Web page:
concerns through institutional and policy frameworks, by creating local constituencies, and by relying on NGOs for supervision. The emphasis is on gaining local support and commitment as well as increasing local capacities. The Bank tends to believe that design and the involvement of the borrower, more than supervision, improves projects. Yet the Wapenhans and Morse reports also underlined the importance of supervision. Accordingly, the Bank decided in 1993 to pay closer attention to the implementation of its environmental policy in the field.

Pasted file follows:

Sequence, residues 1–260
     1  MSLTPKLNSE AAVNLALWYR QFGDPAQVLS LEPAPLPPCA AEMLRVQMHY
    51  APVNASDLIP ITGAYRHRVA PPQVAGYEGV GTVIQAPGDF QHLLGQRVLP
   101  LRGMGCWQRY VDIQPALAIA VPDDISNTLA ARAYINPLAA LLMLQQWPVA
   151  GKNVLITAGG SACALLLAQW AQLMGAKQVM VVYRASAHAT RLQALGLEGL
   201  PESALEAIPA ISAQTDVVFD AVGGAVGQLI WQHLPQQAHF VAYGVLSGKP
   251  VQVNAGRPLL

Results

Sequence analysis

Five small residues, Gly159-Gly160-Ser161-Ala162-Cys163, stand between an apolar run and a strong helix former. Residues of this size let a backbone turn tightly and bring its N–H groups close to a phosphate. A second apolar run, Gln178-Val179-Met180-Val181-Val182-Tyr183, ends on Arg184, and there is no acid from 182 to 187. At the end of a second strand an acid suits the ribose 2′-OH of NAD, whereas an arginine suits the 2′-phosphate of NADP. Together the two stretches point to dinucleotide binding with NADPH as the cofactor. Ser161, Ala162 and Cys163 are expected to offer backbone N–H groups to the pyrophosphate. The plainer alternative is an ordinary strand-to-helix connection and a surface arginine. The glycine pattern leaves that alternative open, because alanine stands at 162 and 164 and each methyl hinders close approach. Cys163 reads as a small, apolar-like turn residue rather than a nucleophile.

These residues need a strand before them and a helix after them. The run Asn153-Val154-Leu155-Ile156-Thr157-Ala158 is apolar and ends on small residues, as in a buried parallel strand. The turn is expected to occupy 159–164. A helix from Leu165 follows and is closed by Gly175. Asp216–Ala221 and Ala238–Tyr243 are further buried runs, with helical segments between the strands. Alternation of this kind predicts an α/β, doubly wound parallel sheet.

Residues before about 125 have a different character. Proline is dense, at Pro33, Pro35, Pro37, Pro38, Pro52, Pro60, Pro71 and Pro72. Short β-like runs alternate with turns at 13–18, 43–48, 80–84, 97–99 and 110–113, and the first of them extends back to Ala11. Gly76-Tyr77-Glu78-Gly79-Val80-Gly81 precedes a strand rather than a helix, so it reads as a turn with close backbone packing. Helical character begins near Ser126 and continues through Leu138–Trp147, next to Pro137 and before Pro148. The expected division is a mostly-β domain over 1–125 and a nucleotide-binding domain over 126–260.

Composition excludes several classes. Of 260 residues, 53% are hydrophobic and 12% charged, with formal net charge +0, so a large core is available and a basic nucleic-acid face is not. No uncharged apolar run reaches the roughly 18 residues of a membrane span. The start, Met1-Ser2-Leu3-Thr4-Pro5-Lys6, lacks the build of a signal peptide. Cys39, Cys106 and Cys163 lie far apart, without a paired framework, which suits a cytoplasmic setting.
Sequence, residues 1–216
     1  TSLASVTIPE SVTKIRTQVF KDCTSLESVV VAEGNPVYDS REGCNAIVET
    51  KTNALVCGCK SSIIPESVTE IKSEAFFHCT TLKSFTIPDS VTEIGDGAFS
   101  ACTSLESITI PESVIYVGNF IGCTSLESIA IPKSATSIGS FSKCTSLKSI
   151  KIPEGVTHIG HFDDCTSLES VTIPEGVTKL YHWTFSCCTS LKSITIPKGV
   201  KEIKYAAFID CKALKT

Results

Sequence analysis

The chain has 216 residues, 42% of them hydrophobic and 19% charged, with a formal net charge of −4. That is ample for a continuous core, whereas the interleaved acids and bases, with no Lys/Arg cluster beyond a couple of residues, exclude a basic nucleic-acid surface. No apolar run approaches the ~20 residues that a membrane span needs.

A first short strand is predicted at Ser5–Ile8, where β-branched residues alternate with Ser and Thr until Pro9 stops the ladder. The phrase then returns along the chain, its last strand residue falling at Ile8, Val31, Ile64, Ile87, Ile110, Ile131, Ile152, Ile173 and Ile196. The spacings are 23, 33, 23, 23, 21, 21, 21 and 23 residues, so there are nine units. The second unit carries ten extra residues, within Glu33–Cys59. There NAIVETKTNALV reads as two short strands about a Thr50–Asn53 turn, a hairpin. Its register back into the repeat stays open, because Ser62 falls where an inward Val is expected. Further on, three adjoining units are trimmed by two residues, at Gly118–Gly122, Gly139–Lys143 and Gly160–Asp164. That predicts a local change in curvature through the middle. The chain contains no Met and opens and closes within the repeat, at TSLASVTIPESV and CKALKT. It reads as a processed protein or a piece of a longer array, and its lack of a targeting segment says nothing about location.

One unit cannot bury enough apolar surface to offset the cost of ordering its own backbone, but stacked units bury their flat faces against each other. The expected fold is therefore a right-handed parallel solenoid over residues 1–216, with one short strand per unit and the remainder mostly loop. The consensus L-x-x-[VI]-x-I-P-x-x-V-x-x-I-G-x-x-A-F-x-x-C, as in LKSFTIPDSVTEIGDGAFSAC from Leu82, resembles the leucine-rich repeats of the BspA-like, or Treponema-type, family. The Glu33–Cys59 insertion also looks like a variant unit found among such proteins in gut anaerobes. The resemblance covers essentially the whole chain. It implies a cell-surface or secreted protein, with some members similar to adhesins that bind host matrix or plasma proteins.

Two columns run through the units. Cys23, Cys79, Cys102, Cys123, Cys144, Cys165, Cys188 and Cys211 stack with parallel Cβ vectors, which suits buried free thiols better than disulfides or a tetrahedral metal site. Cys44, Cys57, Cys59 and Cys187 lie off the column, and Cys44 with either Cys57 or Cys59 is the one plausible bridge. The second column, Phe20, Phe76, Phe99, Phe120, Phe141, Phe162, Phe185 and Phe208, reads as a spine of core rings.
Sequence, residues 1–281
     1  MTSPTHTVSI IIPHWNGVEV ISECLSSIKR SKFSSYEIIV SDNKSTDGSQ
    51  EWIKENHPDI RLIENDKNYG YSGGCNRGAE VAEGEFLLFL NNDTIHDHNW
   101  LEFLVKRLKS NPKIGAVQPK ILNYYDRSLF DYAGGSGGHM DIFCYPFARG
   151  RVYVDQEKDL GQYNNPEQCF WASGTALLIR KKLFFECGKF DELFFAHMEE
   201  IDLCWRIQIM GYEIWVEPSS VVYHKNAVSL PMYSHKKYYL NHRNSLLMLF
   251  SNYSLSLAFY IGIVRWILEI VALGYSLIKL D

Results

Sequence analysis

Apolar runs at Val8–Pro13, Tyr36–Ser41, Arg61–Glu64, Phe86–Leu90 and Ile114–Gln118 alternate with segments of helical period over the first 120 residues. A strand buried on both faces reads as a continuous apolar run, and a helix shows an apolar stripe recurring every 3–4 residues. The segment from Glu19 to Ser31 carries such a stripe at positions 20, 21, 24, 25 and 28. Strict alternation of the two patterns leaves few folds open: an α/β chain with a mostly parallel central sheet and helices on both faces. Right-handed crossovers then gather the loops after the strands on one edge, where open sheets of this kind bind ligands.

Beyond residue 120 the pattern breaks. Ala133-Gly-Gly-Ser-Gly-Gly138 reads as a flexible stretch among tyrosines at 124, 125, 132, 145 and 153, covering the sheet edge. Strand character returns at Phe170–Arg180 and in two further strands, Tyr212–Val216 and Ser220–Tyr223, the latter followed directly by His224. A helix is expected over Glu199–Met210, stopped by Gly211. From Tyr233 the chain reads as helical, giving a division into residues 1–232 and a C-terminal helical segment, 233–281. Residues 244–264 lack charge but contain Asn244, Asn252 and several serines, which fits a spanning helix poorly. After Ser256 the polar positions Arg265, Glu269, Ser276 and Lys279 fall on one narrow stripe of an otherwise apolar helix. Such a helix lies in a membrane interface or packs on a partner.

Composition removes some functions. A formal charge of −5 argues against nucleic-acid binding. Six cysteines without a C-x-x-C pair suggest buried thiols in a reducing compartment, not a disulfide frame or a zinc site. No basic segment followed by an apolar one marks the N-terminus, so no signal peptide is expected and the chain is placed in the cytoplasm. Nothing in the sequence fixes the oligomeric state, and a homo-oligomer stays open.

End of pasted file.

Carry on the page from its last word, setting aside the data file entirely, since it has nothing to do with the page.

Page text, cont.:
This strategy has allowed the Bank to improve considerably its access to funds, projects, and political support. In that sense it has "learned." But it also faces a new dilemma because the new policy reduces the control that it has over its own performance. EA procedures, intended to protect the Bank from economic and political project failures, create new vulnerabilities as they throw the organization into the thicket of national politics. Other factors reinforce this trend: the pressure to include local participation, the role of broker among national administrations and social groups that the Bank plays through NEAPs and EAs, the use of environmental and human rights issues by ambitious local politicians, and the use of environmental issues by governments as a means of gaining access to international capital. The assumption that transparency and pluralism will contribute to consensus building behind a set of criteria governing development projects and process ( Goodland, Juras, and Pachauri, 1992) runs the risk that the outcome of environmental debates will rest not on sustainable development considerations but on internal political power struggles. Transparency identifies winners and losers, and pluralism ensures that the aggrieved parties will stay involved. Environmental learning, therefore, has reduced the autonomy of the organization by forcing it to assume a larger political role.